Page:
Use this URL to cite or link to this record in EThOS: http://ethos.bl.uk/OrderDetails.do?uin=uk.bl.ethos.658367
Title: Private schools for the poor and the right to education : a study in political economy
Author: Stanfield, James Boyd
ISNI:       0000 0004 5353 0734
Awarding Body: University of Newcastle upon Tyne
Current Institution: University of Newcastle upon Tyne
Date of Award: 2014
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Abstract:
The primary research question of this thesis is: Are fee paying private schools serving low income communities in developing countries consistent or in conflict with the United Nations concept of the right to education? A classical liberal framework is then used to explore the following four additional supplementary questions: a. What is meant by the United Nations concept of the right to education? How did it come to be and what were the implications for the role of government, the private sector and parents? b. How and why did the colonial authorities intervene in education in Kenya? What role did the private sector play in these developments? And what were the hidden costs and unintended consequences associated with these interventions? c. Is there any evidence of private schools serving low income communities in Kenya either prior to or during colonial rule? d. Did the introduction of free primary education in Kenya in 2003 have a negative impact on local private schools and did the crowding out process take place and was it similar to the UK experience previously documented by E.G. West? The thesis uses a classical liberal approach as its theoretical framework which is discussed in Chapter Two. The research methods used in this thesis are set out in Chapter Three. The case study approach is discussed and the issues concerning best practice in research are explored. Chapter Four introduces historical and contemporary evidence of the growth of private schools serving low income communities in developing countries and in Chapter Five the United Nations concept of the right to education is examined and defined. The findings from the Kenya case study will be reported and discussed in Chapters Six, Severn and Eight. Chapter Six is an historical study of the initial missionary and colonial interventions in education in Kenya and Chapter Seven will examine the rise and fall of Kenya’s independent school movement during the 1930’s and 40’s. Chapter Eight will then fast forward to 2003 and the introduction of Free Primary Education (FPE) in Kenya. Based on these findings and conclusions the final chapter (Chapter Nine) will introduce an alternative to the current rights based approach to education for all.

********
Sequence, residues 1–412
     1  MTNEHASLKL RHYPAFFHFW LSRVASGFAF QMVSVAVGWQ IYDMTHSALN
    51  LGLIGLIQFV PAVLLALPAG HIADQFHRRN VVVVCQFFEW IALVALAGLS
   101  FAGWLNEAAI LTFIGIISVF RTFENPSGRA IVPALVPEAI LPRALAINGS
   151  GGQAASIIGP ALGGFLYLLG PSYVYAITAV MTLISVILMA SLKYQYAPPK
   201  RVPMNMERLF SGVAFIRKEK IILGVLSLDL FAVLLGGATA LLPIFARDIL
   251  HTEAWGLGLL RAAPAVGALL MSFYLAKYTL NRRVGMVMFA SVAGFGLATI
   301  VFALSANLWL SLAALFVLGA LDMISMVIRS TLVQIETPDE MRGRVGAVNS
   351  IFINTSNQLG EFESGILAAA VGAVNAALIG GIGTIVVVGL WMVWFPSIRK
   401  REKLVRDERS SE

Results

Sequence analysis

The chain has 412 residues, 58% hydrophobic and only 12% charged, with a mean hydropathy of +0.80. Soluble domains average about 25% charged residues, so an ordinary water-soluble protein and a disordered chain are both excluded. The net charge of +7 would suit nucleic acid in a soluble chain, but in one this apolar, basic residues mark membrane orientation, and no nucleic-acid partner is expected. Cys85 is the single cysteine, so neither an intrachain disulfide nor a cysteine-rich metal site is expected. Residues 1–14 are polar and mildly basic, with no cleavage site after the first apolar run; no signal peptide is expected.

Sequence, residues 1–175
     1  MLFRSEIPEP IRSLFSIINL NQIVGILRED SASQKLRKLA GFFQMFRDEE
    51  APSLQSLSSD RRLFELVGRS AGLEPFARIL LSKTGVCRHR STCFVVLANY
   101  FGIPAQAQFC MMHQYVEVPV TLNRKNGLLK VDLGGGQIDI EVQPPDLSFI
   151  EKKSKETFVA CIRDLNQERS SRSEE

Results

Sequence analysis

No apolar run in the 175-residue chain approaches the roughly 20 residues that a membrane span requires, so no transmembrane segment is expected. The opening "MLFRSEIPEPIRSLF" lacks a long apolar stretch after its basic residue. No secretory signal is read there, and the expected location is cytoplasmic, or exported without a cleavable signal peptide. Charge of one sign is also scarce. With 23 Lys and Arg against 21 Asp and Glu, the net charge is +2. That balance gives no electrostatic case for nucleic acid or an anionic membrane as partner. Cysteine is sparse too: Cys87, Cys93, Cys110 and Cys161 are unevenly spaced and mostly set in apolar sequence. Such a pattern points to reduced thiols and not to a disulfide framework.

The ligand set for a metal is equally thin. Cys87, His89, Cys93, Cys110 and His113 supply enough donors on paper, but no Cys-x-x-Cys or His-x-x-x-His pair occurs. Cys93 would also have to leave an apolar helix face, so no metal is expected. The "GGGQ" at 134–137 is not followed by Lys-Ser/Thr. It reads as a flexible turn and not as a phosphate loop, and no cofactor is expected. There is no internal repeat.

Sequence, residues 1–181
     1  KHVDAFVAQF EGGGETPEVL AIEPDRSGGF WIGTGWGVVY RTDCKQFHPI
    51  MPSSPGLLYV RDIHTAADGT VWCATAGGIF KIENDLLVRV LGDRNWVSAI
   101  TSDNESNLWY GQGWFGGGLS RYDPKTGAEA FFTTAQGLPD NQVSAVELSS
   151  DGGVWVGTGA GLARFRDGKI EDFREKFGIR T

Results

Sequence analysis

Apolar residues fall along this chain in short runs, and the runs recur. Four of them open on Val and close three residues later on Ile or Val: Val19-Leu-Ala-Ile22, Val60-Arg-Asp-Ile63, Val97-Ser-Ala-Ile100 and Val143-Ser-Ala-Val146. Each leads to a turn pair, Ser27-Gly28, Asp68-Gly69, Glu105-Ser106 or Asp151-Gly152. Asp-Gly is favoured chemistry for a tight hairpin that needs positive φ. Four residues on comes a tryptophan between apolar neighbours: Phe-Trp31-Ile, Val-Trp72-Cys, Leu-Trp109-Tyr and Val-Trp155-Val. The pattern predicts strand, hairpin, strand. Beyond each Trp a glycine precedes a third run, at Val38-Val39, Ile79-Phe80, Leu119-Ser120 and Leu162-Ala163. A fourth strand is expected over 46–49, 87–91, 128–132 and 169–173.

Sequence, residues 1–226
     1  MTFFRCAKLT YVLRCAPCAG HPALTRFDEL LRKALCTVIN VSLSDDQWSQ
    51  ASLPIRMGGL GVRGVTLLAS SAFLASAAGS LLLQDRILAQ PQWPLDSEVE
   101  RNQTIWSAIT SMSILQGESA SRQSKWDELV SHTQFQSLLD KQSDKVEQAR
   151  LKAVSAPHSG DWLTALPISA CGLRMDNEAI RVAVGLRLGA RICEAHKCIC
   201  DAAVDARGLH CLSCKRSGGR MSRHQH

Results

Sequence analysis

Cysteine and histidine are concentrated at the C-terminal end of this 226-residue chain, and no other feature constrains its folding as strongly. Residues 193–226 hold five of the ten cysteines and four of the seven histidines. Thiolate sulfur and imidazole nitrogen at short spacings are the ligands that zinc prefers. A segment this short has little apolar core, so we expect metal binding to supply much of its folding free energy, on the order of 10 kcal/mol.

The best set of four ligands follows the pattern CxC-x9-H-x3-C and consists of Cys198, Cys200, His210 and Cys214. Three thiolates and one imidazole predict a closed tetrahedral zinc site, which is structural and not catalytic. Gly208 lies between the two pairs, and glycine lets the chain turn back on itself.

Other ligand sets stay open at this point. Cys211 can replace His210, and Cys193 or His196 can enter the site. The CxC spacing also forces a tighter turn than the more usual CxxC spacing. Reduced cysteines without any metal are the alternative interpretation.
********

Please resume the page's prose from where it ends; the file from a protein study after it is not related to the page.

Supervisor: Not available Sponsor: Not available
Qualification Name: Thesis (Ph.D.) Qualification Level: Doctoral
EThOS ID: uk.bl.ethos.658367  DOI: Not available
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